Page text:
The woolly mammoth (Mammuthus primigenius) is a species of mammoth that lived during the Pleistocene until its extinction in the Holocene epoch, and was identified as an extinct species of elephant 1796 by French biologist Georges Cuvier.
Mammoth remains had long been known in Asia before they became known to Europeans in the 17th century. The origin of these remains was long a matter of debate, and often explained as being remains of legendary creatures. Remains of various extinct elephants were generally interpreted, based on biblical accounts, as the remains of legendary creatures such as behemoths or giants. They were thought to be remains of modern elephants that had been brought to Europe during the Roman Republic, for example the war elephants of Hannibal Barca and Pyrrhus of Epirus, or animals that had wandered north.
In 1796, Georges Cuvier was the first to identify the woolly mammoth remains not as modern elephants transported to the Arctic, but as an entirely new species. He argued this species had gone extinct and no longer existed, a concept that was not widely accepted at the time. Following Cuvier's identification, German naturalist Johann Friedrich Blumenbach gave the woolly mammoth its scientific name, Elephas primigenius, in 1799, placing it in the same genus as the Asian elephant. This name is Latin for "the first-born elephant".
By the early 20th century, the taxonomy of extinct elephants was complex. In 1942, American palaoentologist Henry Fairfield Osborn's posthumous monograph on the Proboscidea was published, wherein he used various taxon names that had previously been proposed for mammoth species, including replacing Mammuthus with Mammonteus, as he believed the former name to be invalidly published. Mammoth taxonomy was simplified by various researchers from the 1970s onwards, all species were retained in the genus Mammuthus, and many proposed differences between species were instead interpreted as intraspecific variation.
Osborn chose two molars (found in Siberia and Osterode) from Blumenbach's collection at Göttingen University as the lectotype specimens for the woolly mammoth, since holotype designation was not practised in Blumenbach's time. Russian palaeontologist Vera Gromova further proposed the former should be considered the lectotype with the latter as paralectotype. Both molars were thought lost by the 1980s, and the more complete "Taimyr mammoth" found in Siberia in 1948 was therefore proposed as the neotype specimen in 1990. Resolutions to historical issues about the validity of the genus name Mammuthus and the type species designation of E. primigenius were also proposed. The paralectotype molar (specimen GZG.V.010.018) has since been located in the Göttingen University collection, identified by comparing it with Osborn's illustration of a cast.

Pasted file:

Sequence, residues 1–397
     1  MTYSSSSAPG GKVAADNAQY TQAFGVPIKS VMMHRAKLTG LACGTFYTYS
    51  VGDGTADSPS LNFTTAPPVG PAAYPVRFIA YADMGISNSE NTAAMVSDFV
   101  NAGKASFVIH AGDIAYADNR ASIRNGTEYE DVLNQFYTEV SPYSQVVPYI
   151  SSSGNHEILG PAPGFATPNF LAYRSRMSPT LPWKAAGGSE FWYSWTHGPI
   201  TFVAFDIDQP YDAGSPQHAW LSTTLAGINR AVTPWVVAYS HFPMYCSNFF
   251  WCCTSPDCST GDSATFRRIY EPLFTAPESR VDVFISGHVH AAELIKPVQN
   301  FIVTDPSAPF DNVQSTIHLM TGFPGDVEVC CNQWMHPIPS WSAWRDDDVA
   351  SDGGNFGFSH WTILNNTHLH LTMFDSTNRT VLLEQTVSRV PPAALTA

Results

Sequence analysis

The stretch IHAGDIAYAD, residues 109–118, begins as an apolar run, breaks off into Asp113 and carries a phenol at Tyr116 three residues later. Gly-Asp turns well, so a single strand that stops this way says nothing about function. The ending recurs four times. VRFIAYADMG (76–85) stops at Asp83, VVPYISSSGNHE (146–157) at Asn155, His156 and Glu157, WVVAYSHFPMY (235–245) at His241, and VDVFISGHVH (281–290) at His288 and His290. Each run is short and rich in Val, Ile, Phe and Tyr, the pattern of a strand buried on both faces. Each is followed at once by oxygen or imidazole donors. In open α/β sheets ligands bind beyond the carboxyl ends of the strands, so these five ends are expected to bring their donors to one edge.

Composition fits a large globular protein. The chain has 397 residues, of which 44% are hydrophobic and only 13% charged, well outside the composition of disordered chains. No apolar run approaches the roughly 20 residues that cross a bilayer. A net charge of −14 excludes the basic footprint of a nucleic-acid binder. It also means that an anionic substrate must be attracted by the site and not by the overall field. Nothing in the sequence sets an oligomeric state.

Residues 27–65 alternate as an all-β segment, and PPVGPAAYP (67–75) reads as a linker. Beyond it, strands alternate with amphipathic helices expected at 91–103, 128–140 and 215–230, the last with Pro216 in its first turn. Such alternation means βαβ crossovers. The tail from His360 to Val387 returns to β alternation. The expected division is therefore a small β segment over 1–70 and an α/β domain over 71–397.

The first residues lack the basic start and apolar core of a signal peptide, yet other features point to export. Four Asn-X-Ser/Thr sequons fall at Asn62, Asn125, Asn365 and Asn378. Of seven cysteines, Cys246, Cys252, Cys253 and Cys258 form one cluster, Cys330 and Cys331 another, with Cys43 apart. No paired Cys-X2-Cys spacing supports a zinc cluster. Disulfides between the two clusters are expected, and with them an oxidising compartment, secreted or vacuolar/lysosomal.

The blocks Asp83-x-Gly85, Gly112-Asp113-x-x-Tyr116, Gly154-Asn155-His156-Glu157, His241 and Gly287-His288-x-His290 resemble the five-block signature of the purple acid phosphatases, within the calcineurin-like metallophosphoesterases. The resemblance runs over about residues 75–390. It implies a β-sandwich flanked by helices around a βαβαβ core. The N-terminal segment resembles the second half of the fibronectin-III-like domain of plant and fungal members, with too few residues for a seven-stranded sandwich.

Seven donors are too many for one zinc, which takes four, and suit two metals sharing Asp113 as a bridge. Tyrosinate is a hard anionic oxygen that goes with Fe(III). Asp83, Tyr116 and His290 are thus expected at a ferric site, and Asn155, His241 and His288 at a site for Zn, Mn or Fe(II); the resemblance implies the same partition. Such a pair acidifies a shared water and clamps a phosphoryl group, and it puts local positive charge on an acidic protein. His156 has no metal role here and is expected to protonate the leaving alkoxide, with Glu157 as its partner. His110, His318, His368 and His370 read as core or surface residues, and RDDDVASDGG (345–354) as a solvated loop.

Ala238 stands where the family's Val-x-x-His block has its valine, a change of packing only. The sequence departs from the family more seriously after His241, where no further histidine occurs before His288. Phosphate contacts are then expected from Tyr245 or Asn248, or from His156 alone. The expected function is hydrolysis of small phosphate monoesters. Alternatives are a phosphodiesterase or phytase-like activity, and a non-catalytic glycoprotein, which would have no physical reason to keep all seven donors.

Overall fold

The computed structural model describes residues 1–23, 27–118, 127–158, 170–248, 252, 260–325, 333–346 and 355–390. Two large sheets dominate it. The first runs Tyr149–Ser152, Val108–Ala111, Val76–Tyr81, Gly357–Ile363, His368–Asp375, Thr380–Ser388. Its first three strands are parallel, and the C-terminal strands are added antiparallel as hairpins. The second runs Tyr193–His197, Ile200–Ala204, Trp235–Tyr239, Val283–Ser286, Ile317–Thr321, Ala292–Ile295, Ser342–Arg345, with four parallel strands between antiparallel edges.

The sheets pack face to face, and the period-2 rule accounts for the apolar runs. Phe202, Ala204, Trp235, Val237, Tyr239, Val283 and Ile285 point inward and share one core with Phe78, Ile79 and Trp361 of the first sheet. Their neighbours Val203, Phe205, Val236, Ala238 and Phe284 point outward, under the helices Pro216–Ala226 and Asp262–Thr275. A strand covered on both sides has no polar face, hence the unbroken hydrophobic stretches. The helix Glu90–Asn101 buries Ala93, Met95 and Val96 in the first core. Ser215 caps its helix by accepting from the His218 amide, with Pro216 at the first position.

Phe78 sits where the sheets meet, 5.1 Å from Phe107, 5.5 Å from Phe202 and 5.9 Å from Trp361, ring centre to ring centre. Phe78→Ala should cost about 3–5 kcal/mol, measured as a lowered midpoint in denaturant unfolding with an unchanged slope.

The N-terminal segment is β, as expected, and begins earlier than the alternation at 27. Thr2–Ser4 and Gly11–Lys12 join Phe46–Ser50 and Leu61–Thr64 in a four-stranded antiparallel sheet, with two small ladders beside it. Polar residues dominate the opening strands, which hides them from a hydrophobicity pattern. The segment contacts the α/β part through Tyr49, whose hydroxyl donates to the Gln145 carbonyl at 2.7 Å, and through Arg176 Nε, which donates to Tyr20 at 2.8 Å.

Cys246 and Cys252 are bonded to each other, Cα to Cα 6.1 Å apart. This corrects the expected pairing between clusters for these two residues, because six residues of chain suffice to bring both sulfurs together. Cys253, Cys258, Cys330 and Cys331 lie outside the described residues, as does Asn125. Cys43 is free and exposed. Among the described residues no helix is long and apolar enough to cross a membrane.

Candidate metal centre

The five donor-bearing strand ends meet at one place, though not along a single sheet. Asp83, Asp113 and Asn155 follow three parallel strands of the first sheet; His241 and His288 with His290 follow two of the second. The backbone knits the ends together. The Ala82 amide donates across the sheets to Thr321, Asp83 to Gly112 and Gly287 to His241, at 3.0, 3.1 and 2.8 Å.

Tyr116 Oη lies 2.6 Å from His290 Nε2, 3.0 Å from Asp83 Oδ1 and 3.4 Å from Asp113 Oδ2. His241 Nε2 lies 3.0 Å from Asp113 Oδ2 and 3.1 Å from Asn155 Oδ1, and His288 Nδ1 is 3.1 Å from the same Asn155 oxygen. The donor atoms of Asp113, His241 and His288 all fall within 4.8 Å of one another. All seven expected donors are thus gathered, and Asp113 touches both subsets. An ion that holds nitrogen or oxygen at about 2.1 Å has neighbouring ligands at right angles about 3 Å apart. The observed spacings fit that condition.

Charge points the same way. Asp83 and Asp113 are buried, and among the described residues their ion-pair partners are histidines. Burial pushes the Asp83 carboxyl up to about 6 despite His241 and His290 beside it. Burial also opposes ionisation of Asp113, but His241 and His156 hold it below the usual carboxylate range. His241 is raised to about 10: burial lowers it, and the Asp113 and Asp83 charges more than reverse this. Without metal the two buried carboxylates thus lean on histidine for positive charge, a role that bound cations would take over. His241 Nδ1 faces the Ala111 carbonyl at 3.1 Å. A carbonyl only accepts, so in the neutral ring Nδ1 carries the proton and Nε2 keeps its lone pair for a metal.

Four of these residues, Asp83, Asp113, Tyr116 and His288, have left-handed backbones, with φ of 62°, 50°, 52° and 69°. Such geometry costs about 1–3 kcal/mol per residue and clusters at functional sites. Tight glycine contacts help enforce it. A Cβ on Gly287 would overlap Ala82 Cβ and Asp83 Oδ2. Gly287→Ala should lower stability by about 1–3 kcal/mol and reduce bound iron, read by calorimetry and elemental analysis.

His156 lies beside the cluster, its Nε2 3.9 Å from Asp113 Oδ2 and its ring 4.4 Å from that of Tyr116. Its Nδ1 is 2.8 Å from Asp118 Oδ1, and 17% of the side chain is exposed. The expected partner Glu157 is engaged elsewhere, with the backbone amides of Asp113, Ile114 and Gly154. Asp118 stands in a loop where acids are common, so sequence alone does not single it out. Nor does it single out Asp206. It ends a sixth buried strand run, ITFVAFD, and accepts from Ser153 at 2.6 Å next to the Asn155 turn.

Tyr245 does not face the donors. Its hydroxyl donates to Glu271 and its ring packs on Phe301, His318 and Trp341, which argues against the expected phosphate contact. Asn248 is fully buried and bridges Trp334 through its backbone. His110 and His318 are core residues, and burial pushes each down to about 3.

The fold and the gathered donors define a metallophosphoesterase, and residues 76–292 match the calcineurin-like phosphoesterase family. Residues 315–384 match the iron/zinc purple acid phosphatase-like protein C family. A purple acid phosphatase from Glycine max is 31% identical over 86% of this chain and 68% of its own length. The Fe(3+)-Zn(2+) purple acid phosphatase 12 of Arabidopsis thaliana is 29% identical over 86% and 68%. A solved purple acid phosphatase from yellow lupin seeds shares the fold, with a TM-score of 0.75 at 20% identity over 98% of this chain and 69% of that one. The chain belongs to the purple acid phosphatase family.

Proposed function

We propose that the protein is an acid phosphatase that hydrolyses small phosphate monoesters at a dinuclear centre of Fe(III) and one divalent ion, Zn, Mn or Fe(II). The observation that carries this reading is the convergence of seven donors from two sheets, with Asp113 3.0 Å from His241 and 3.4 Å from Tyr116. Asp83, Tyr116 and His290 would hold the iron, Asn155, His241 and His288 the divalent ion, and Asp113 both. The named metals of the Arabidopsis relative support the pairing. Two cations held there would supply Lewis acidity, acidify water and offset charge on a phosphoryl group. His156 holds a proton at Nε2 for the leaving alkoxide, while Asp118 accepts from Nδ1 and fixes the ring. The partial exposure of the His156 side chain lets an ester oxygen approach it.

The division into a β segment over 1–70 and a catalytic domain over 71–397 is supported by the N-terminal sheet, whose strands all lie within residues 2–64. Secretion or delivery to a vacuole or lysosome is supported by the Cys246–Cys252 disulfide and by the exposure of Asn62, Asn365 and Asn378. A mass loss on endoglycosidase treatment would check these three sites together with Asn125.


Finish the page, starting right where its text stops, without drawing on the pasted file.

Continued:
The woolly Mammoth was one of the last in a line of mammoth species, beginning with Mammuthus subplanifrons in the early Pliocene. The woolly mammoth began to diverge from the steppe mammoth about 800,000 years ago in East Asia. With a genome project for the mammoth completed in 2015, it has been proposed the species could be revived through various means, but none of the methods proposed are yet feasible.
Its closest extant relative is the Asian elephant. DNA studies show that the Columbian mammoth (Mammuthus columbi), was a hybrid between woolly mammoths and another lineage descended from steppe mammoths. The appearance and behaviour of this species are among the best studied of any prehistoric animal because of the discovery of frozen carcasses in Siberia and Alaska, as well as skeletons, teeth, stomach contents, dung, and depiction from life in prehistoric cave paintings.
The woolly Mammoth disappeared from its mainland range at the end of the Pleistocene 10,000 years ago. Isolated populations survived on St. Paul Island until 5,600 years ago and on Wrangel Island until 4,000-3,500 years ago. After its extinction, humans continued using its ivory as a raw material, a tradition that continues today.
Most specimens of Woolly Mammoths has been found in Siberia, Russia. From Scandinavia and Baltics some 85 specimens are reported, Norway 16, Sweden over 23, Finland 11, Estonia 20, and Latvia about 12.